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Potential Tropical Cyclone THREE (Text)


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Potential Tropical Cyclone Three Discussion Number   5
NWS National Hurricane Center Miami FL       AL032021
400 PM CDT Fri Jun 18 2021
 
A few hours ago, an ASCAT-A pass indicated that maximum winds were
about 40 kt well east of the ill-defined center of circulation, and
the initial wind speed was increased to that value at the
intermediate advisory at 18Z.  Recent surface observations just
offshore of southeastern Louisiana have been reporting maximum winds
between 30 and 40 kt.  Based on a combination of these data, and
since the structure of the system has not changed much during the
past few hours, the initial intensity is held at 40 kt for this
advisory.  Although the disturbance has wind speeds of tropical
storm intensity, it has not been named a tropical storm yet since
its center is ill defined and broad as evident in the Air Force
Hurricane Hunter data and surface observations.  Regardless of its
status, heavy rains and tropical-storm-force winds are spreading
across portions of the northern Gulf coast, and these conditions
will spread inland through tonight.
 
There has not been much change to the track forecast reasoning. The
cyclone is moving northward at about 14 kt, and a general north to
north-northeast motion is expected through landfall, which is likely
to occur overnight or early Saturday morning.  After the system
moves inland, a turn to the northeast and then east-northeast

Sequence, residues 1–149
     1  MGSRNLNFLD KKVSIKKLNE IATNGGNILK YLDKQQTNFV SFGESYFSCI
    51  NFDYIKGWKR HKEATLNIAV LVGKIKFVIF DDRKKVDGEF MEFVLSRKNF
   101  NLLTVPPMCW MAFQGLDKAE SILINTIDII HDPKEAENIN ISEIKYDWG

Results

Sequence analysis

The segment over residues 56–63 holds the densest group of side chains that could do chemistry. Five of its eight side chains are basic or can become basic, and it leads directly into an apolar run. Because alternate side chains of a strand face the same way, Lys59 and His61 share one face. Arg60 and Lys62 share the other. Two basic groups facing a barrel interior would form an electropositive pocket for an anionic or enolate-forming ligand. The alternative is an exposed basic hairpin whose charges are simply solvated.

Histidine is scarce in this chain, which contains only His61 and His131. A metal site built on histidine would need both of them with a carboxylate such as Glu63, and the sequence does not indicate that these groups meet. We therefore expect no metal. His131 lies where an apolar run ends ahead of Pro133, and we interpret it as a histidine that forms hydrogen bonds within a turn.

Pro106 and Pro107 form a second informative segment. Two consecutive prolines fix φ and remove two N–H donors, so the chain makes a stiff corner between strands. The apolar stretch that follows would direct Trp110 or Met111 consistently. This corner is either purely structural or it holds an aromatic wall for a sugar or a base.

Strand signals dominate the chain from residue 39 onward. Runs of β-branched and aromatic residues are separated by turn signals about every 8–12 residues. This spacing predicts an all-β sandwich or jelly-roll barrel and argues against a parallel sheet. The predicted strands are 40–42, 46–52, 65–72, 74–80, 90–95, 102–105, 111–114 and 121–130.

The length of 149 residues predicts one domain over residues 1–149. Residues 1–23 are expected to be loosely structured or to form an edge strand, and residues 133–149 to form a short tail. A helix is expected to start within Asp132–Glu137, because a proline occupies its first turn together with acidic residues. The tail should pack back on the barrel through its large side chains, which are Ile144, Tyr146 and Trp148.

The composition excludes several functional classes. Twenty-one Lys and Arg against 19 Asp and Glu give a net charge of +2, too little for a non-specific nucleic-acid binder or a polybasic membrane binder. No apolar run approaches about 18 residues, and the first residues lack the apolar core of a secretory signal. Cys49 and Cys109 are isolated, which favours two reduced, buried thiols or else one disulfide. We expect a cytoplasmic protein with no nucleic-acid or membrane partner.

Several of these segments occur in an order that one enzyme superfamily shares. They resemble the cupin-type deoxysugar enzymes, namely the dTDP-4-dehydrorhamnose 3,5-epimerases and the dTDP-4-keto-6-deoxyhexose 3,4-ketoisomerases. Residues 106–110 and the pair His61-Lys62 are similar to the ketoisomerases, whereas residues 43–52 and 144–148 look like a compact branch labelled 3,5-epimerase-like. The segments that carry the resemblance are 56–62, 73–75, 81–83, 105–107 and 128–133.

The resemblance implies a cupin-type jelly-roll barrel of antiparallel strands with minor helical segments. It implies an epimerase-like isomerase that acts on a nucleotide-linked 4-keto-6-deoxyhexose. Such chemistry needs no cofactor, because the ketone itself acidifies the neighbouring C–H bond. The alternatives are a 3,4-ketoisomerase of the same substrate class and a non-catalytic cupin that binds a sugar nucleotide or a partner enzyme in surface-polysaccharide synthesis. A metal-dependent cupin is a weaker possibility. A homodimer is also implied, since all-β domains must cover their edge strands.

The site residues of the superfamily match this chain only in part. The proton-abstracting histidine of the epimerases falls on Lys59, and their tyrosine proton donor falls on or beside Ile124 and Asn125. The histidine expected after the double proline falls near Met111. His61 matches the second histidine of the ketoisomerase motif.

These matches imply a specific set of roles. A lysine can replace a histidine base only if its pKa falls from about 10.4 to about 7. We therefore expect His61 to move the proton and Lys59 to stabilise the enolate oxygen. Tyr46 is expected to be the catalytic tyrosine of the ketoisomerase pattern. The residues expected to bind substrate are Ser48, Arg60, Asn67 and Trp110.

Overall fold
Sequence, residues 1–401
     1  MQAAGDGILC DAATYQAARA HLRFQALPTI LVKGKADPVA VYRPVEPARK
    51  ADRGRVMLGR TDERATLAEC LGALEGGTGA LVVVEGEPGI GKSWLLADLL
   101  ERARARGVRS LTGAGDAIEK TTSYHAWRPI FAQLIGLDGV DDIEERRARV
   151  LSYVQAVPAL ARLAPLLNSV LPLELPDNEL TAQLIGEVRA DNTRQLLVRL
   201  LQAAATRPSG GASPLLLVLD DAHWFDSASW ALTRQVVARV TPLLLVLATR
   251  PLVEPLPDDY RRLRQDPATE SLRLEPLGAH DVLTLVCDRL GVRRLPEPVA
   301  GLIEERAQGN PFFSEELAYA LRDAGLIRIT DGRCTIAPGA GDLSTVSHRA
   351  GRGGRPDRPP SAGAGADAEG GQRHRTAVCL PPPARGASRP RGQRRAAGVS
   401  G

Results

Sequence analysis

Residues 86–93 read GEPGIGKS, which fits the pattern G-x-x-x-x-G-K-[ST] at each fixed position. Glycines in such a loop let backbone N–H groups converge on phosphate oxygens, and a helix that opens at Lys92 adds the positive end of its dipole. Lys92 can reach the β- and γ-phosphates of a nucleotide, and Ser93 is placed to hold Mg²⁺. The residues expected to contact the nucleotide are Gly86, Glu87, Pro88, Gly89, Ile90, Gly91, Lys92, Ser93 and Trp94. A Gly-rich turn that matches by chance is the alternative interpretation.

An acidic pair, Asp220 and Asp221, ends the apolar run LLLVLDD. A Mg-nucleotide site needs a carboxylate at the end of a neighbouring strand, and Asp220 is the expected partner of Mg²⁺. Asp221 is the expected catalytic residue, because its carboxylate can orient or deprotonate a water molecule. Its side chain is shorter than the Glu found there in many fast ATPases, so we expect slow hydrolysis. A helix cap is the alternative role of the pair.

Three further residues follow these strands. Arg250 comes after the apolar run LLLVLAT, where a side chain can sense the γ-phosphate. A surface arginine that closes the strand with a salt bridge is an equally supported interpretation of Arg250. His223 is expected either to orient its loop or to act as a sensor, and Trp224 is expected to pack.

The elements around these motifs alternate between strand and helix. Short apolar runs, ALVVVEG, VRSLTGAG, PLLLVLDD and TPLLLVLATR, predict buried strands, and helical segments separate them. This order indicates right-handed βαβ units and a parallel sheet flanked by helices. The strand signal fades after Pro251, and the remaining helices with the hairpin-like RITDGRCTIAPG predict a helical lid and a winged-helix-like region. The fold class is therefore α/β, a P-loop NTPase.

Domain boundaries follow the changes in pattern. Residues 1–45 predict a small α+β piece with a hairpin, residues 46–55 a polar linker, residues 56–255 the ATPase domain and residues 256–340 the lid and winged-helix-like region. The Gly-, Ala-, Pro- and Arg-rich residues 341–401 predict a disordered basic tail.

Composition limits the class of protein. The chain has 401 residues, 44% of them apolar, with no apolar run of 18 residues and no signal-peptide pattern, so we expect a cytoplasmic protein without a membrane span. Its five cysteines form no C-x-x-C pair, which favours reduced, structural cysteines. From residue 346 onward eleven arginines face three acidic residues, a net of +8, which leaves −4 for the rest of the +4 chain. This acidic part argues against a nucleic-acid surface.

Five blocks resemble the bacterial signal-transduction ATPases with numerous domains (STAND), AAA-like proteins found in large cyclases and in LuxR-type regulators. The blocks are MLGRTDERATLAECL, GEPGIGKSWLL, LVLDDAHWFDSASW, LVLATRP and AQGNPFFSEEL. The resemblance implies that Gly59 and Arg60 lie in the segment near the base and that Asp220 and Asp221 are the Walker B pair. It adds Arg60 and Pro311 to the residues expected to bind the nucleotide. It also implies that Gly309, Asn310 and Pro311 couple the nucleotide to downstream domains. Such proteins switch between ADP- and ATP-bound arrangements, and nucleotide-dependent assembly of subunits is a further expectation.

across the southeast U.S. is predicted when the cyclone becomes
embedded in the westerlies on the north side of the subtropical
ridge.  The models remain in relatively good agreement, and only
small changes were made to the previous track forecast.
 
There is some opportunity for a little strengthening during the next
6 to 12 hours before the system makes landfall.  However,
significant intensification is not expected due to the cyclone's
broad and asymmetric structure, and ongoing west-southwesterly
vertical wind shear.  After landfall, weakening is forecast, and
dissipation is still predicted to occur by 72 hours. However, it
should be noted that the ECMWF and UKMET models hold onto the
vortex for a while longer.
 
Given the current and anticipated structure of this system, users
should not focus on the exact track of the center, as rainfall and
wind hazards are likely to extend well east of the center.
 
Key Messages:
 
1. The system is expected to produce heavy rainfall and considerable
flash, urban and small stream flooding tonight and through the
weekend along the Central Gulf coast.  Flood impacts will spread
northeastward into the Southern Appalachians.
 
2. Tropical storm conditions have begun along portions of the
central Gulf Coast from east of Morgan City, Louisiana, to the
Okaloosa/Walton County line, Florida, including New Orleans.  These
winds will spread inland and continue into Saturday.
 
 
FORECAST POSITIONS AND MAX WINDS
 
INIT  18/2100Z 27.9N  91.2W   40 KT  45 MPH...POTENTIAL TROP CYCLONE
 12H  19/0600Z 29.5N  90.8W   40 KT  45 MPH...INLAND
 24H  19/1800Z 31.4N  89.4W   35 KT  40 MPH...INLAND
 36H  20/0600Z 32.8N  87.4W   30 KT  35 MPH...INLAND
 48H  20/1800Z 33.8N  84.9W   25 KT  30 MPH...INLAND
 60H  21/0600Z 34.7N  81.9W   20 KT  25 MPH...POST-TROP/REMNT LOW
 72H  21/1800Z...DISSIPATED
 
$$
Forecaster Cangialosi
 
NNNN

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Page last modified: Tuesday, 26-Oct-2021 12:09:05 UTC